The Small Headsets Making a Big Difference to One Food Retail Giant’s Store Efficiency

Article by Martyn Jones | 10th February 2021

Most of us recognise that today’s food retail consumers expect good service. But how many of us can confidently say we’re taking steps in our stores to deliver this?

According to research by Engage Hub, ‘65% of C-level executives rank improving customer experience as the most important overall business objective, even above net profit and revenue growth.’

Yet in 2017, only 8% of major British brands improved their CX from the previous year. As a result, the average wait time for the overwhelming majority of British consumers is now 7.7 minutes, whilst only 18% of customers are happy to spend ten minutes or more waiting to pay at a staff-assisted checkout.

65% of C-level executives rank improving customer experience as the most important overall business objective, even above net profit and revenue growth

In this marketplace, it is those businesses capable of streamlining store efficiency that will gain a competitive advantage. Recognising that internal communication is key to achieving this in the food retail environment, British multinational groceries and general merchandise retailer Tesco turned to communication software to solve these inefficiencies in all of its newly launched Jack’s branches.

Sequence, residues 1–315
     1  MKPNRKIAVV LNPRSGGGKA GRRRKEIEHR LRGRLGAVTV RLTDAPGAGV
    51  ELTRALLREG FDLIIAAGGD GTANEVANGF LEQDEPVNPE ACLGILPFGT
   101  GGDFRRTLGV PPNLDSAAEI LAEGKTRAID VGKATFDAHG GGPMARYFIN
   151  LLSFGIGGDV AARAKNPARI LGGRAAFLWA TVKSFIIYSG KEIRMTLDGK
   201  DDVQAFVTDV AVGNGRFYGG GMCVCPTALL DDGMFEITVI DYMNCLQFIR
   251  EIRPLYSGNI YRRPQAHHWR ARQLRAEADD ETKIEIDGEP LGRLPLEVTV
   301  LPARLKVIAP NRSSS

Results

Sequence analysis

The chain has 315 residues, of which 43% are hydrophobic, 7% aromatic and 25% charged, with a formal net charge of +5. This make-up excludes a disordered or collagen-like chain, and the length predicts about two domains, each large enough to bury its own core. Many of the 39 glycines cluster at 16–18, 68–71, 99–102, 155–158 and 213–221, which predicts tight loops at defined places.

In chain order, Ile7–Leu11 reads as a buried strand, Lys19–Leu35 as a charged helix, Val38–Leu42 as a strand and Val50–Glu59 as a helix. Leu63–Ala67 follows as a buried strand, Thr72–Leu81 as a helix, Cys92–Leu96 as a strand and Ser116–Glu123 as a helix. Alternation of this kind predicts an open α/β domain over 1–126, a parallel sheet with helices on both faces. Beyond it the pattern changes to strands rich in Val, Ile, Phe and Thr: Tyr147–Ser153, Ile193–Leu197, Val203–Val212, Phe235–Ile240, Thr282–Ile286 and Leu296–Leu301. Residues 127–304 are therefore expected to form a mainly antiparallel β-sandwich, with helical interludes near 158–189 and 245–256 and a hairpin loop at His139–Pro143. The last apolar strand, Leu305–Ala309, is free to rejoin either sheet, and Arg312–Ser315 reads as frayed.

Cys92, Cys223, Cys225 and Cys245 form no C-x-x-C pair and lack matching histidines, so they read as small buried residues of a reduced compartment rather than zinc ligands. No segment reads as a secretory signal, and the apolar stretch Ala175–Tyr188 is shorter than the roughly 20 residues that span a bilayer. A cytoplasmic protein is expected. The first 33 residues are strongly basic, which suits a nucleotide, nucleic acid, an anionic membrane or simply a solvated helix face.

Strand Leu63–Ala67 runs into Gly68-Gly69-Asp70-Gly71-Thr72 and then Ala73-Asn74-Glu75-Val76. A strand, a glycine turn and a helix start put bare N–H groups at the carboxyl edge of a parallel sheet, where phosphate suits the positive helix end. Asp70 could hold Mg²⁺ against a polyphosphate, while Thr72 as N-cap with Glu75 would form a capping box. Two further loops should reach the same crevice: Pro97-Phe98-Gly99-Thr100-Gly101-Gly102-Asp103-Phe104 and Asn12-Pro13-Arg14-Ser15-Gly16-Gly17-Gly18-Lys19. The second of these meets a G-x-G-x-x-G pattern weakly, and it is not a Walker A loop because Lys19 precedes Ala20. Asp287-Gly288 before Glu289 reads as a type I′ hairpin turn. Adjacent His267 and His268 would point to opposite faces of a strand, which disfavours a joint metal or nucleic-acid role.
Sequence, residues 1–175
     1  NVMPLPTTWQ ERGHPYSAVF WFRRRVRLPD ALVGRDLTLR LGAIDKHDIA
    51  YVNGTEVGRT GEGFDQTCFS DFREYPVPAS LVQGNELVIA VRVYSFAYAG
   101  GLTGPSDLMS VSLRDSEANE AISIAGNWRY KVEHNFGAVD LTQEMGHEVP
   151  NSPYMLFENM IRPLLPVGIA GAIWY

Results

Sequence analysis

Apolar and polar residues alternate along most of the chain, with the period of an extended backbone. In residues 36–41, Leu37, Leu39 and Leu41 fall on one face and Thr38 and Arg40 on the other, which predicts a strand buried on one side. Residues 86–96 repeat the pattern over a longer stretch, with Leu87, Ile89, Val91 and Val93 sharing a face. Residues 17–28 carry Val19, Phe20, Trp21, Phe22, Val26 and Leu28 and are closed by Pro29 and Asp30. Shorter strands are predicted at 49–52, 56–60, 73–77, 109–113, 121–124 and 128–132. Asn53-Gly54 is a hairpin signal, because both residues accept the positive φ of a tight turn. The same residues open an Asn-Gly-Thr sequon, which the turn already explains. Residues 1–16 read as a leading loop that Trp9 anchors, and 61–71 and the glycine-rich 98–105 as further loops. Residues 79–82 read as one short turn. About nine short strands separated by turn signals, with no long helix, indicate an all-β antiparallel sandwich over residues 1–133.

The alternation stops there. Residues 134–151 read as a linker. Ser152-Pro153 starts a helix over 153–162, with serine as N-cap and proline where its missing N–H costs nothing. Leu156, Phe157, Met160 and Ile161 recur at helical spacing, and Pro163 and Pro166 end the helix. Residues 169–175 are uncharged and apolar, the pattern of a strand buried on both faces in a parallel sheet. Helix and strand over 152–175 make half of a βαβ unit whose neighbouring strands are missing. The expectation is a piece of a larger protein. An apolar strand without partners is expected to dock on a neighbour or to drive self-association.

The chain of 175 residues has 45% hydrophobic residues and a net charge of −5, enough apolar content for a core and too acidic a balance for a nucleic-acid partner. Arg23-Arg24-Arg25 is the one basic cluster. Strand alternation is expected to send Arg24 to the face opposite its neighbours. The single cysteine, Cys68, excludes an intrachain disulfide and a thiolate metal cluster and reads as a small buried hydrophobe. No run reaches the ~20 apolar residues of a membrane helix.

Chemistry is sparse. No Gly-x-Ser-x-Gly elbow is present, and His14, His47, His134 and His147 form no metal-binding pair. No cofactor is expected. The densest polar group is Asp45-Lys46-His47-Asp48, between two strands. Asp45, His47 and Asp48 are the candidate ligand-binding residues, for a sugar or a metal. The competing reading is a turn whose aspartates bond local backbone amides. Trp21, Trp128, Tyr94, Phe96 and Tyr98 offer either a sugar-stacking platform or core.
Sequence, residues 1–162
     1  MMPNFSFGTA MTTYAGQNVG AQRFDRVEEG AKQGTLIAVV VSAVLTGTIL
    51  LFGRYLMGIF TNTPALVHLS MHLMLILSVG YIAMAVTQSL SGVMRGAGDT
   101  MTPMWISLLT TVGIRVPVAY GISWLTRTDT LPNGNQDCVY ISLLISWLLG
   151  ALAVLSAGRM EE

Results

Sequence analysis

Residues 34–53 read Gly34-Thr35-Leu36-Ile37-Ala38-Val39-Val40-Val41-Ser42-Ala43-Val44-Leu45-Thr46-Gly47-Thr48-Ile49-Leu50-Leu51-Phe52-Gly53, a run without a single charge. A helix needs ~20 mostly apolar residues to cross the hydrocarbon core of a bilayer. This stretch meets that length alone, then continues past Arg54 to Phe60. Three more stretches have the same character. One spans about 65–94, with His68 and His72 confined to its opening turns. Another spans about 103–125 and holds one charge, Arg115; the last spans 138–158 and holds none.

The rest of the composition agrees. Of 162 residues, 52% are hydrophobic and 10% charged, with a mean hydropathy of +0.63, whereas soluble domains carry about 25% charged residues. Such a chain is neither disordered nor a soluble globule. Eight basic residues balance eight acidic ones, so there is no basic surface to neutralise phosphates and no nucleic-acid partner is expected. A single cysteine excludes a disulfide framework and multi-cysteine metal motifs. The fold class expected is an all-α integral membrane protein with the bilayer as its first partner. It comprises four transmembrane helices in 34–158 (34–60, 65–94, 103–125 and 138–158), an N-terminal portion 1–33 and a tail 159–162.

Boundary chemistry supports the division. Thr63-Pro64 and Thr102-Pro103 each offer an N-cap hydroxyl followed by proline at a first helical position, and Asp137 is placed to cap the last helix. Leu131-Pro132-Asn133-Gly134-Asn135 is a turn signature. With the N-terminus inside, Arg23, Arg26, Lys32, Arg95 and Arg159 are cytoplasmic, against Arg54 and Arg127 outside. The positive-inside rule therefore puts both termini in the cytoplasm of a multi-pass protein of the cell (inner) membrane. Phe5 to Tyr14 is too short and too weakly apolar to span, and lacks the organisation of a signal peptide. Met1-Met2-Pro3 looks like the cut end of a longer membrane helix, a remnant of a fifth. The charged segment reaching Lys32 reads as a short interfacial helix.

Inefficiencies in the food retail environment

Inefficiencies in the food retail space can take many forms and involve multiple systems, often complicating their day-to-day management. Whether you’re planning on successfully launching a new store or you’re looking to improve efficiencies across existing branches, you may recognise some of the requirements that Tesco’s project managers sought to address:

  • Newly launched branches have flexible in-store roles where staff multiskill
  • Customer queries and the inability to quickly locate products can affect staff’s ability to move around the store quickly or change stations, such as when shifts come to a close
  • Management’s inability to locate or otherwise communicate with staff limits their ability to ‘firefight’ and respond to peaks in shopper footfall
  • Timely stock replenishment also requires that managers can coordinate teams seamlessly and with efficiency
  • Staff’s ability to respond quickly and safely in the event of an attempted theft

Adding pressure to customer expectations in the food retail sector is the number of unoccupied, closed checkouts that can typically be made available, indicating that a general lack of internal communication often outweighs customer needs.

To address this challenge and show its customers that their shopping experience comes first, Tesco implemented innovative team communication technology in the form of a headset system and supporting software capable of instantly bringing its Jack’s teams closer together — even when colleagues were the opposite sides of a store.

The small headsets making a big difference to food retail store efficiency